Sunday, September 29, 2013

Wolaver's/ Zero Gravity Collaboration Berliner Weisse

Berliner Weisse is a a sour wheat beer traditionally brewed in Northern Germany. In Germany, they would let the mash sit, sometimes for days, to allow bacteria to work on the grains causing it to sour. This is what derives in a light-bodied beer with a distinct tartness almost champaign-like due to its lower pH. I sampled it at the Vermont Brewer's Festival last weekend. Samples were offered with either raspberry or woodruff syrup additions. Destiny suggested the woodruff as a better option if I were to have syrup, so that's what I went with. (This is not uncommon for Germans to add woodruff syrup in their Berliner Weisse)

Alcohol Content: 3.0%
IBU: ?
Malts: ?
Hops: ?

Price: 1 tasting ticket
Medium: 5oz pilsner-like sample glass (see right)

Aroma: Woodruff adds an herbal and floral sweetness that is otherwise absent in the beer. Also commonly noted as perfumey but this was not the case. I was fortunate enough to sample it twice, the first time getting a bit more fruitiness (from fermentation?). Fruity notes can be described as pear or raspberry-like and quite pleasant. Interestingly, raspberry esters are in the beer naturally which makes sense to add raspberry syrup to bring out more of that aroma.  I found no malt aroma, masked by the acidic character. Some lemongrass notes, perhaps from woodruff. No hop aroma, diacetyl, nor DMS.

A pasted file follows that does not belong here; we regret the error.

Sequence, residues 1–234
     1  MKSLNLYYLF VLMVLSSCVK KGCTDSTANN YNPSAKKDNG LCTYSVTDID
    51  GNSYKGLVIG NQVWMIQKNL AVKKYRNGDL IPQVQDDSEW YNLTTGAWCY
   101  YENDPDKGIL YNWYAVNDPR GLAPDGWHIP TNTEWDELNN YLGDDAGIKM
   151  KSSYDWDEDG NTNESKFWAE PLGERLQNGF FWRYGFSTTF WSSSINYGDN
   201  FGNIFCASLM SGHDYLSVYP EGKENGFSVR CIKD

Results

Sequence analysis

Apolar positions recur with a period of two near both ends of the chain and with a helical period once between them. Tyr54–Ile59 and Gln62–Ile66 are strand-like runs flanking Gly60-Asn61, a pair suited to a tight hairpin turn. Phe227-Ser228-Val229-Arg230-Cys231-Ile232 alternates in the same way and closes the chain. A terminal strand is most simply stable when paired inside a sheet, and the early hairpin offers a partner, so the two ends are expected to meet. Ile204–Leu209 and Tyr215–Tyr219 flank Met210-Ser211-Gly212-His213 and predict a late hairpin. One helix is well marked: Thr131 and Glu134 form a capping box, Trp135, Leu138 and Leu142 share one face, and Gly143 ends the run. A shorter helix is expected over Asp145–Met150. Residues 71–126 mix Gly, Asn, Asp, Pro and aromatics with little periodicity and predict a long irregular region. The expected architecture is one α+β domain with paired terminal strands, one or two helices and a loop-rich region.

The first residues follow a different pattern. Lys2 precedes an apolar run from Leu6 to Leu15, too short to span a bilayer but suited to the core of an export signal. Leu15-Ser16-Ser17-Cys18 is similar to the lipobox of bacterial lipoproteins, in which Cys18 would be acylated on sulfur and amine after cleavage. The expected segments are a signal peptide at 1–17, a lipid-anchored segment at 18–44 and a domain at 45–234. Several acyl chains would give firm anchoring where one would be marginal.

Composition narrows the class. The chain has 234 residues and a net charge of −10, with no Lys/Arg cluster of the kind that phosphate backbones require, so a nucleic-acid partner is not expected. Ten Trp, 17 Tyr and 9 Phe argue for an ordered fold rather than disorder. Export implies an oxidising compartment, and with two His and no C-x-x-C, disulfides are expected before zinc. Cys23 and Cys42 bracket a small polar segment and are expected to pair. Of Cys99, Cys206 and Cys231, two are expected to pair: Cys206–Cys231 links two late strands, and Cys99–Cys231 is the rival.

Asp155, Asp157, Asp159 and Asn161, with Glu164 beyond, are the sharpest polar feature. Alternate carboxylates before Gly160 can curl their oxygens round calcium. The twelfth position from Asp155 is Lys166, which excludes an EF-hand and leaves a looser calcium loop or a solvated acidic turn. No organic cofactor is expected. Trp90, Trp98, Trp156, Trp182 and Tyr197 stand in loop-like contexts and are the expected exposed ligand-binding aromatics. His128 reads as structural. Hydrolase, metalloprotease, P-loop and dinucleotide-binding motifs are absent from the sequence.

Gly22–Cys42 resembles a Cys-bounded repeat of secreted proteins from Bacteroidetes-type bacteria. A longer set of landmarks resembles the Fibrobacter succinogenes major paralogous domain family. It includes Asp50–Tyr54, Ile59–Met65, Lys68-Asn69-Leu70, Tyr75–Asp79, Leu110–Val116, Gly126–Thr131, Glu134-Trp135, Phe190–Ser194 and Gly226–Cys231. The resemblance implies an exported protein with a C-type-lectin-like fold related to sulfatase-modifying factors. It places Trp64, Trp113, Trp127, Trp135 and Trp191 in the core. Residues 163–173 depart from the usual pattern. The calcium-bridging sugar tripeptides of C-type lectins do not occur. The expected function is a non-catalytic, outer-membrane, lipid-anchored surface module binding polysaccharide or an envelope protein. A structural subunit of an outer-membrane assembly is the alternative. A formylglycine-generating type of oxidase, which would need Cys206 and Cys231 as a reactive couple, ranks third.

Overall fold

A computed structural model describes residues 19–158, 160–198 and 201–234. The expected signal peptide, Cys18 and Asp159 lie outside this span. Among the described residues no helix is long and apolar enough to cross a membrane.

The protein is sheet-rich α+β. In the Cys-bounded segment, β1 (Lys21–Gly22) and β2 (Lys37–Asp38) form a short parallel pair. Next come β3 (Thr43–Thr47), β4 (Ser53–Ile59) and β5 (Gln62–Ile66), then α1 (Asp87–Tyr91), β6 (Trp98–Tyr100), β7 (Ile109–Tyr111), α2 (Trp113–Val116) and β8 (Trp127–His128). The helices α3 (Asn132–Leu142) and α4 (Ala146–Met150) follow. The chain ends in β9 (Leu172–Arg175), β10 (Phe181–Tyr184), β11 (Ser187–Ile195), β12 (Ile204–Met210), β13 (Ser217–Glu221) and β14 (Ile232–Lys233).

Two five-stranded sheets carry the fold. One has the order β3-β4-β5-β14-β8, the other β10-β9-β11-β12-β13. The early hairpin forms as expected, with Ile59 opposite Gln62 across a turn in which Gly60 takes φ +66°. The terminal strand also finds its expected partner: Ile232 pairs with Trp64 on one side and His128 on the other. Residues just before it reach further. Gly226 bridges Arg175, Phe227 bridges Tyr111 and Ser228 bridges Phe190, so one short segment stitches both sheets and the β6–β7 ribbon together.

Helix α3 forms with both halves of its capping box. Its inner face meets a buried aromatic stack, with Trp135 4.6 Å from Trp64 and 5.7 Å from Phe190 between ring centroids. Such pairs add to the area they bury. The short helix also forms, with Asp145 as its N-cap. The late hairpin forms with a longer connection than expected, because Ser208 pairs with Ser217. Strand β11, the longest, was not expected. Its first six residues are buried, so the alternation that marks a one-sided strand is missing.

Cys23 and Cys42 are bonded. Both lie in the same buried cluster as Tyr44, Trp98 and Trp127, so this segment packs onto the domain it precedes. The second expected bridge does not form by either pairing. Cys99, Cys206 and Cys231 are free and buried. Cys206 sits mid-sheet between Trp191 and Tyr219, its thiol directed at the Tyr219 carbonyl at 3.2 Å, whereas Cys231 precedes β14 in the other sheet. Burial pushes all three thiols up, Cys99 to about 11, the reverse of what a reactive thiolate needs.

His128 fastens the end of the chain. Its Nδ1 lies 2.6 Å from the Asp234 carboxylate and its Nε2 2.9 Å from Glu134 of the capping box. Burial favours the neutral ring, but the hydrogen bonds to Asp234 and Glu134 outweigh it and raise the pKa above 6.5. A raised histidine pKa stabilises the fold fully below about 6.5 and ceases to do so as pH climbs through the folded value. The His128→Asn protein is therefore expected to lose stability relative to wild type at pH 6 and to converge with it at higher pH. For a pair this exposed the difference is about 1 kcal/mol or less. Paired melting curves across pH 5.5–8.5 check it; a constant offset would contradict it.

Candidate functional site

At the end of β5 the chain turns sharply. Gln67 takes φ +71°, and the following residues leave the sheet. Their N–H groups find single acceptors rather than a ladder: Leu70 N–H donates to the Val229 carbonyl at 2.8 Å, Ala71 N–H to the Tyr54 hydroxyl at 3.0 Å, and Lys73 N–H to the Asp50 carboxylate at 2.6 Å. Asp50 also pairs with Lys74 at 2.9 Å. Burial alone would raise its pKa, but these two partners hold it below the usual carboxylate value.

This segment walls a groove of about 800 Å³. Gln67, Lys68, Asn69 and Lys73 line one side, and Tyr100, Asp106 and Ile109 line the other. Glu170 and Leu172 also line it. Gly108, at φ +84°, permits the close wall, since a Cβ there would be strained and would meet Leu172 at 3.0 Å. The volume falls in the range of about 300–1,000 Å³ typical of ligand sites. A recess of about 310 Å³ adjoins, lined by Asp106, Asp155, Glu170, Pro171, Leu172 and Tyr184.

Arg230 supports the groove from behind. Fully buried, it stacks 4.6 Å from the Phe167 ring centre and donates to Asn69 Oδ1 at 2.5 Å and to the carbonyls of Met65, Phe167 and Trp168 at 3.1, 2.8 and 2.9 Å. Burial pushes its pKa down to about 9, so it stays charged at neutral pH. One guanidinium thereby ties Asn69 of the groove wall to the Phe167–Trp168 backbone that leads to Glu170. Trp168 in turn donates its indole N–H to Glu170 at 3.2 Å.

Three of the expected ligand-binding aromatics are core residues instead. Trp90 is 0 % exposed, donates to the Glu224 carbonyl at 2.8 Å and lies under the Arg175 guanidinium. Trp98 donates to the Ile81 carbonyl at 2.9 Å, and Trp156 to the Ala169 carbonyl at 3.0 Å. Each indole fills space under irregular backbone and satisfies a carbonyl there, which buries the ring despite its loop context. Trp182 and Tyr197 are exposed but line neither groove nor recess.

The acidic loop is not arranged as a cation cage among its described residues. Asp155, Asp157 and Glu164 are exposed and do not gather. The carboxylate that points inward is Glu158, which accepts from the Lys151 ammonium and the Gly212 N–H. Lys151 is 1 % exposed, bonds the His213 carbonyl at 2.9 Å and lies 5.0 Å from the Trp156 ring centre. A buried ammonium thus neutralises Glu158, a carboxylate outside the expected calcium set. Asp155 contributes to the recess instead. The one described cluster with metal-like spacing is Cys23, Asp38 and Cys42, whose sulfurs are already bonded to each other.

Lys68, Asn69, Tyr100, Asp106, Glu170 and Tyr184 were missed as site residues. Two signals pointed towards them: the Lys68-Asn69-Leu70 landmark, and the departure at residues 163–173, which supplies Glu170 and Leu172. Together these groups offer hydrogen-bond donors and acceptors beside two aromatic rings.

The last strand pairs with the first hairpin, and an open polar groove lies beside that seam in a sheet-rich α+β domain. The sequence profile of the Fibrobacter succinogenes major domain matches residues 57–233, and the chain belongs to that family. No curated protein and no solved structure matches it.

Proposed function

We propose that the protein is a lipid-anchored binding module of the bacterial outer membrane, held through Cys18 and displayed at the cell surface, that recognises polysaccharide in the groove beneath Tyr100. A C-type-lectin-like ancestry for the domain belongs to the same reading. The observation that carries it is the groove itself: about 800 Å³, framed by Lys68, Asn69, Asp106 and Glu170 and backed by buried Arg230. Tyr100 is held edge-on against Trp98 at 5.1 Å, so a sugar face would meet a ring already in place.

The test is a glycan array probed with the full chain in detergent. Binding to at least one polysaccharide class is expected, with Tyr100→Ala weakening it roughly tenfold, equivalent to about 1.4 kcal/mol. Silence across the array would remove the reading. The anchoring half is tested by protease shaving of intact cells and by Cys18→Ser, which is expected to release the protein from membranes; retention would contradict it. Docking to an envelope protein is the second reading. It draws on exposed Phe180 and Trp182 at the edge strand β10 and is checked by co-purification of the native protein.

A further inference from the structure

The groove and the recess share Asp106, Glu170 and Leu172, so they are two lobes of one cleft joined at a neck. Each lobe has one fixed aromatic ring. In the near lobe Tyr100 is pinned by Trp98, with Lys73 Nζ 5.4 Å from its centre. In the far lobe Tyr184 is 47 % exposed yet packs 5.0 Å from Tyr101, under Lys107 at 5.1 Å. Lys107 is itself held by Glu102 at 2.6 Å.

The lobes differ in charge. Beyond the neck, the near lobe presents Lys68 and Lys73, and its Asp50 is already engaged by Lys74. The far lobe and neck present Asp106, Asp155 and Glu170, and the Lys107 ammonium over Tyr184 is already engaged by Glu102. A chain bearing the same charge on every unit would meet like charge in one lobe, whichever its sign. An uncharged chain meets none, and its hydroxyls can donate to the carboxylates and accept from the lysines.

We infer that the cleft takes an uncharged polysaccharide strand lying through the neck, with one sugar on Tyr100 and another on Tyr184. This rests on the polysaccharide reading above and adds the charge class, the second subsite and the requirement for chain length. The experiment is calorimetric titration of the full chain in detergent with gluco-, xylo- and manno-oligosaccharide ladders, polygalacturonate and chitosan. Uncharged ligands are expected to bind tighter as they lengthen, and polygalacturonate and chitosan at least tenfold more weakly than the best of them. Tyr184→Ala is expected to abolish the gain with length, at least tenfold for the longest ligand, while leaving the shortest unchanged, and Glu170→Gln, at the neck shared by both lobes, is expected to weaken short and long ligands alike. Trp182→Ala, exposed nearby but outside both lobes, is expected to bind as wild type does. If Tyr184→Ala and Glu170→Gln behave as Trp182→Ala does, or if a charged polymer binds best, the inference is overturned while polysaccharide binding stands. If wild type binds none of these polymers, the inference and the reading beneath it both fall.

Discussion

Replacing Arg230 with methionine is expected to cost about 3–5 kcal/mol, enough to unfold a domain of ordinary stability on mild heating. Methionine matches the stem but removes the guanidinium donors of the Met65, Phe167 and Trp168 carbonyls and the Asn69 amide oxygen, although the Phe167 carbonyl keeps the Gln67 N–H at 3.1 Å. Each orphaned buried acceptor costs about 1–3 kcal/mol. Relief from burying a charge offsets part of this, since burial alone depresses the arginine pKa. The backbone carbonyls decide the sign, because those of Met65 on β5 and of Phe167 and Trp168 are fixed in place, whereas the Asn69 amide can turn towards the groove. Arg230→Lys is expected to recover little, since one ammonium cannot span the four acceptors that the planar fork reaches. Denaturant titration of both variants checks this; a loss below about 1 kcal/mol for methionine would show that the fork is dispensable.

Appearance: Hazy, especially for such a small, slender glass which usually shows beers as brighter and more clear than they may actually be. Golden yellow or straw in color. Poured for a small head, but otherwise a large white head with poor retention is expected. Carbonation looked moderately high at first and came out of solution after a few minutes.
Flavor: Lactic sourness from lactobacillus is strong with fruity esters in the background. Pear and raspberry notes from fermentation combine with woodruff sweetness. Grainy notes are soft and pleasant. Bitterness is very low and does not add any flavor. Tart flavors linger into the aftertaste. Woodruff syrup falls to the bottom, with the last sip giving off a nice balance between sweet and sour.
Mouthfeel: Light-bodied with no signs of alcohol present. Carbonation is moderately high with a dry finish. Sourness coats the mouth leaving a slight puckering effect.
Overall Impression: Lactobacillus was used to sour the mash for three days in the boil kettle, of which was then driven off by the boil. Kolsch yeast was then used to ferment out, resulting in a low alcohol session beer. The low pH and natural acidity makes this Berliner Weisse a versatile food pairing (Wine has a low pH which is why many believe it to be a better food pairing than beer). Great as a session beer on a hot sunny day.

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